The Centre for Women’s Economy Opens Dairy Factory

This is a translation of an Arabic article by Avin Yosef that first appeared on Ronahi on the 5th of March, 2017.

Since its inception, The Centre for Women’s Economy has been supporting projects and cooperatives that are connected to women. Women in Rojava have proven that they are able to manage economic projects, whether agricultural or industrial. After their success in these cooperative projects, the Centre for Women’s Economy has begun to expand them. Their role is to improve people’s living standards and the economy of the region, and to help Rojava achieve self-sufficiency. The yogurt and cheese project is one of the important new and projects in the city of Qamishlo [Qamişlo / Qamishli / Al-Qamishli].

The Centre for Women’s Economy supplied the factory equipment

The Centre for Women’s Economy has been preparing for the Milk Cooperative after discussions about some proposals made by some of the members of Kongreya Star. The Centre found the place for the project in the Al-Antariyah neighbourhood. Equipment was brought, consisting of twelve refrigerators to store the cheese and yogurt, large containers and burners to boil the milk, as well as pots, buckets and other necessary equipment to preserve the products. The factory has also been supplied with electricity and water. Work began in the factory at the end of last February.

Preparations for the project were made after the success of the Derik project

Kulsar Mohammad, a member of Kongreya Star and supervisor of the Milk Cooperative, highlighted the importance of the project by illustrating its main targets. She said, ”Kongreya Star is working to organise many projects that address women─whether social, cultural or economic. It established the Centre for Women’s Economy in order to support the economic projects and cooperatives connected to women. We, as members of Kongreya Star, decided to open a dairy factory in Qamishlo after its success in Derik, and that’s why we are preparing for it in Al-Antariyah neighbourhood in Qamishlo.”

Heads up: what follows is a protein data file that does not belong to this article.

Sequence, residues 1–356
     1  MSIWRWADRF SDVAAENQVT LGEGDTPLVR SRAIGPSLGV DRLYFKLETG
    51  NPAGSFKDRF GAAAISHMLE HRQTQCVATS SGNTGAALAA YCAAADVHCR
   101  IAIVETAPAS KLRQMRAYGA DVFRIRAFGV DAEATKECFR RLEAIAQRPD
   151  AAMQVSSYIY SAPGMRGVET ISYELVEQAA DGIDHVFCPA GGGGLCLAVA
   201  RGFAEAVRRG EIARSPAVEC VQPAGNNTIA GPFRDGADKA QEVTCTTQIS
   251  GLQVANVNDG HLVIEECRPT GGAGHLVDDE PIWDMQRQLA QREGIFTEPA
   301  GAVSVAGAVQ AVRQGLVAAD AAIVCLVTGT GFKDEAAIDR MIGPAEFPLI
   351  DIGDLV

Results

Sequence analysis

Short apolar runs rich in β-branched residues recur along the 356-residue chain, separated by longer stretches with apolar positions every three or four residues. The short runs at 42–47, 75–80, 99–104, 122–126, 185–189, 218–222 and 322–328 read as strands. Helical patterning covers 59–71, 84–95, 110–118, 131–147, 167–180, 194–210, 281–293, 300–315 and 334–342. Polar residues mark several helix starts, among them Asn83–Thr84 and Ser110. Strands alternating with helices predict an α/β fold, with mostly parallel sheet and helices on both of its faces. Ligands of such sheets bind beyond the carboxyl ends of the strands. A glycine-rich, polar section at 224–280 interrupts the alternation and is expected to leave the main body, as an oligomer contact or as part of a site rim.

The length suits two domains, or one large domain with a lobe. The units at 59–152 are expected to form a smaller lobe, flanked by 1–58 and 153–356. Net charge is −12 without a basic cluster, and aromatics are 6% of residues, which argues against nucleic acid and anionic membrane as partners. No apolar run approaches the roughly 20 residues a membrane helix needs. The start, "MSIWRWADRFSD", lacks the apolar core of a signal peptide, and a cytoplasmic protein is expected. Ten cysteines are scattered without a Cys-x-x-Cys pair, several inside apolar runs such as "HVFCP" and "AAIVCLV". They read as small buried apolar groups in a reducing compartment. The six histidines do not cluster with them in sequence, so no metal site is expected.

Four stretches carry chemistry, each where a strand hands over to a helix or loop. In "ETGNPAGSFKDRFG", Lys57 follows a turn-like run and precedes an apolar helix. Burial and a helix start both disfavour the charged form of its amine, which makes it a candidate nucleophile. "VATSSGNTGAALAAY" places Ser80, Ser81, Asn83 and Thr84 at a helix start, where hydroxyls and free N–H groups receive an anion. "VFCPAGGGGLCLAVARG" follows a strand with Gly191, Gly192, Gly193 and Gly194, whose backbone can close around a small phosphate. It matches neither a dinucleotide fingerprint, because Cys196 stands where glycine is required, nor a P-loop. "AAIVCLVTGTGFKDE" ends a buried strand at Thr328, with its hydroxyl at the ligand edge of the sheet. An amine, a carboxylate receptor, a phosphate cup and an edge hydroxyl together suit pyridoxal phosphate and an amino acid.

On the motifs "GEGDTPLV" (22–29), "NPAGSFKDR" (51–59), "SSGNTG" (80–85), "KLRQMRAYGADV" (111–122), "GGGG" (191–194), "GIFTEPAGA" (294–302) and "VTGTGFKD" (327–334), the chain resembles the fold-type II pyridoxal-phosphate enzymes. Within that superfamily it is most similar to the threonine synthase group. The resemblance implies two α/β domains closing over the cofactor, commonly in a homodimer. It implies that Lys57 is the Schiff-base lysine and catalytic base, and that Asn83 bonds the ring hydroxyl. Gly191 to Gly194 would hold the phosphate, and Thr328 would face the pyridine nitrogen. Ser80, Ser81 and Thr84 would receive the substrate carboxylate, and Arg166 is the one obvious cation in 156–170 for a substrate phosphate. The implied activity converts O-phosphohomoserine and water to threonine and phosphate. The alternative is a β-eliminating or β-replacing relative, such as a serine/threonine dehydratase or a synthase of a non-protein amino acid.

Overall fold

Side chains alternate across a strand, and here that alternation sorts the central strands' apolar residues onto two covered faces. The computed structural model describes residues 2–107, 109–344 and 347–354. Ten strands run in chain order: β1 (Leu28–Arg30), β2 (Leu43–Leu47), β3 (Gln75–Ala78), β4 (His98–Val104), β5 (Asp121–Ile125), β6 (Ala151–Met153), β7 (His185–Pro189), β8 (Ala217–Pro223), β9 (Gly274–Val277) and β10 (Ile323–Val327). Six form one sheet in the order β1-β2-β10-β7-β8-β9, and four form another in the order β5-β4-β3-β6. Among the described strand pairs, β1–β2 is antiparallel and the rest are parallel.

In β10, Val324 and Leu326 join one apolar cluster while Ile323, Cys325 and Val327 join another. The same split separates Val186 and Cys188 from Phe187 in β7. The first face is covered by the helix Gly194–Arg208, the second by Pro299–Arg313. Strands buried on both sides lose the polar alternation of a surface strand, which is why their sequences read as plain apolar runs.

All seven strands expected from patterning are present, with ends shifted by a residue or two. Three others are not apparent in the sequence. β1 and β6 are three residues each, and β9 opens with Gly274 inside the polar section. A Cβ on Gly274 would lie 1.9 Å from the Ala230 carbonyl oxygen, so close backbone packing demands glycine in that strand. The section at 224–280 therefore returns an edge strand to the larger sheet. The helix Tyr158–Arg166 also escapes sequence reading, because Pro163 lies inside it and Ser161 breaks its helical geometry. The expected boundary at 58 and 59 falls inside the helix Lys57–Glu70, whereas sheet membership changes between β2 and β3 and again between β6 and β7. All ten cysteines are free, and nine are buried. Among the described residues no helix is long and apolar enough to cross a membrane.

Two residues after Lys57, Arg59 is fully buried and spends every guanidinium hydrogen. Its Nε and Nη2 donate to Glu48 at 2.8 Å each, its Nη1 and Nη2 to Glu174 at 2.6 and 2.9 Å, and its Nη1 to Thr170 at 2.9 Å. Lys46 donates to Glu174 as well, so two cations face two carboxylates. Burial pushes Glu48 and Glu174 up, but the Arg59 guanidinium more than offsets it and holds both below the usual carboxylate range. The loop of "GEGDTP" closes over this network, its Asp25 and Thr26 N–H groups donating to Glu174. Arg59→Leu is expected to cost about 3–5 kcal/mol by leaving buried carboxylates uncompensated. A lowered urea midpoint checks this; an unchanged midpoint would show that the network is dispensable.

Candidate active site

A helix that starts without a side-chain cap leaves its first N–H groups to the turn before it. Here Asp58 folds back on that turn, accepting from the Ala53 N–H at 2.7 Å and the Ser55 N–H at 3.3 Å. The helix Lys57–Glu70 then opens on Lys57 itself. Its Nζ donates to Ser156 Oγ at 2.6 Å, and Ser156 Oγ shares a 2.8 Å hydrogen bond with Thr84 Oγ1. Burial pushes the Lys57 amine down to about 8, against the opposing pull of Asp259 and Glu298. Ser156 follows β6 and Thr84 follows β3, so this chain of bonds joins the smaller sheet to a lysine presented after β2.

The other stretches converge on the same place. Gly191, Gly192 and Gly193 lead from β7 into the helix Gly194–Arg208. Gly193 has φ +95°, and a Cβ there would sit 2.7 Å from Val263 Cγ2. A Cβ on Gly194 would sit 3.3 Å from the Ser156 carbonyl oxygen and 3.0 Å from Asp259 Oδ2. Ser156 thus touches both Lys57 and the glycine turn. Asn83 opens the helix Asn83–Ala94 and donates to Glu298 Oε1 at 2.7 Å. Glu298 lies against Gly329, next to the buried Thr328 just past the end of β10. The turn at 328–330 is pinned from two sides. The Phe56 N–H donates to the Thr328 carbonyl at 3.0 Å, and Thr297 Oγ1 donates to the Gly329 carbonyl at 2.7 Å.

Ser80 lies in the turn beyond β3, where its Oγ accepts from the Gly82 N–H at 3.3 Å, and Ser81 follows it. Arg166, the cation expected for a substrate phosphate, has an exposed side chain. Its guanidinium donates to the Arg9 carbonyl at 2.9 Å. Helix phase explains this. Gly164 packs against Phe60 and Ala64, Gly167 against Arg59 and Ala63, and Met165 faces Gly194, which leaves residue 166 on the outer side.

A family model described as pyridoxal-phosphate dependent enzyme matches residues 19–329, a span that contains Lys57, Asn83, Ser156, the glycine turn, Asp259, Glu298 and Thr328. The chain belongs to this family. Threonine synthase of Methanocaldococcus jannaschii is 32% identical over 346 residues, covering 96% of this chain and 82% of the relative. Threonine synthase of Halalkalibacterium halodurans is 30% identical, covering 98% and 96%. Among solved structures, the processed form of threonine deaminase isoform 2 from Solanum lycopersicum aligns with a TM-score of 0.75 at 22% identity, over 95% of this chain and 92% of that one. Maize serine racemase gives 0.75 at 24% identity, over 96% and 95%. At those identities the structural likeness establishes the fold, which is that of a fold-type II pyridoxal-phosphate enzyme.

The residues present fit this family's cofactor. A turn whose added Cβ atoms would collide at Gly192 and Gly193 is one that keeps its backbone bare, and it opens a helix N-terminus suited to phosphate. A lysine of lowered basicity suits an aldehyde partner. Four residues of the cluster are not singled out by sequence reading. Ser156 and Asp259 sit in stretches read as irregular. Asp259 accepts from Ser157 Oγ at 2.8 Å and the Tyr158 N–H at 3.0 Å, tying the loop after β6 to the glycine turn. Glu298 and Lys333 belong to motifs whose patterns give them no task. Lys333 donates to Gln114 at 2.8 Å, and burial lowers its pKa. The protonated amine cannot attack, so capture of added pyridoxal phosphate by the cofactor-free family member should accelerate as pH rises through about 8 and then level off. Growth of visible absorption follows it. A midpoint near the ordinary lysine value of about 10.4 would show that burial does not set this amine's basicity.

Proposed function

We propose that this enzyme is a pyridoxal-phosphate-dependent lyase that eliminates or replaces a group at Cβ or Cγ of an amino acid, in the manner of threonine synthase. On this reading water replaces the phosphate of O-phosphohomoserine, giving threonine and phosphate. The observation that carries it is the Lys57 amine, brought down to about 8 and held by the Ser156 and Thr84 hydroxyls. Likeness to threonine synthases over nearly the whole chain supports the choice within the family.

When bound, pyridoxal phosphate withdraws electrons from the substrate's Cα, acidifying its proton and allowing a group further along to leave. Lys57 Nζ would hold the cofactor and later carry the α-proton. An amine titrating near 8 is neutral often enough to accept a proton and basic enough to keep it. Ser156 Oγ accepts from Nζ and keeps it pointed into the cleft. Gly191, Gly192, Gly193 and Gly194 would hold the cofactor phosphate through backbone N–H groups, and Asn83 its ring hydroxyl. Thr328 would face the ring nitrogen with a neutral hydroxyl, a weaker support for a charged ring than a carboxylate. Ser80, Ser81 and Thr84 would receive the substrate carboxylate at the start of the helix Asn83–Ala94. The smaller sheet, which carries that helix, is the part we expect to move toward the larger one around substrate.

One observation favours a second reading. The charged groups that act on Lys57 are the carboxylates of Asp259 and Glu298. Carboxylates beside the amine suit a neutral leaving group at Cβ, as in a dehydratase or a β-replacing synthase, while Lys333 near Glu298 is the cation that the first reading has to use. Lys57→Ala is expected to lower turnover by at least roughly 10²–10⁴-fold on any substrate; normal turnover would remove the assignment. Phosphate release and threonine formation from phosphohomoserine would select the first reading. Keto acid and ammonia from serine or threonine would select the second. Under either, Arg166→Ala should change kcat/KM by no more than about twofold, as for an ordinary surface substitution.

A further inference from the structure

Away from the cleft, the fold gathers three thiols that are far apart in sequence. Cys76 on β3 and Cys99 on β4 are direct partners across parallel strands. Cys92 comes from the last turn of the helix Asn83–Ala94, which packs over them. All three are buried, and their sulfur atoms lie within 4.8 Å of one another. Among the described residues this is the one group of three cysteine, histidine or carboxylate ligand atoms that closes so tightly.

Kulsar added, ”We are still at the beginning of the project, and so far we have been using only cow milk, but we will get goat milk and sheep milk in the future to use them for making yogurt and cheese. We are also getting a lot of milk from the livestock cooperatives that belong to The Centre for Women’s Economy whenever it is available. Therefore, we should increase the workers and the number of shares. Our aim is to supply the market with yogurt and cheese at competitive prices and reduce monopoly and exploitation, because we sell the cheese and yogurt products at a price of 100 SYP per kilo less than the market.”

The number of workers and production rates

There are twelve women with limited incomes working in the dairy cooperative, from both the Arab and Kurdish communities. Six women paid for all the shares of the project, 25,000 SYP each, while the other six women couldn’t pay because of their financial situation. Work has been divided among them; some women boil the milk and some pour them into the special yogurt buckets, while others make two kinds of cheeses, regular cheese and mshalalé. The women clean up together with high spirits and sense of humour.

Cow milk is being bought from the adjacent villages. The daily amount of milk bought varies between one to 1.3 tons. It gets divided after boiling and purifying. Yogurt is made with the first half and cheese with the second. Some of the buckets of yogurt are poured into clean white cotton cloth to make labneh (strained yogurt), and the leftover cheese liquid is poured into special bags in order to make ‘lork’ which is a popular Kurdish recipe. Distribution to shops, supermarkets and other institutions is done according to demand, by vehicles that are equipped with refrigerators, especially designed for food products. About 750 buckets of yogurt are sold daily.

Our work in the project helps us to manage high costs of living

Feryal Mohammed, a worker in the cooperative, said in an interview, ”We participated in this project through Kongreya Star, and we are happy to do so as this will help us to manage the high costs of living. We are also proving our ability to work outside of the household. I let my sister join us as a member of the project too. Both of us are from needy families and our financial situation is bad. We are cooperating with our other sisters here and work hand in hand.”

Camila Muslim, another worker in the project who is from Kobanî [Kobanê / Ayn al-Arab], talked about the kind suffering that she has gone through in the last two years, and about her need for work─especially after being widowed ten years ago and left alone with many children who need care. She thanked the members of Kongreya Star who created this opportunity for her to work in the project, and allow her to provide care for her family and cover their needs.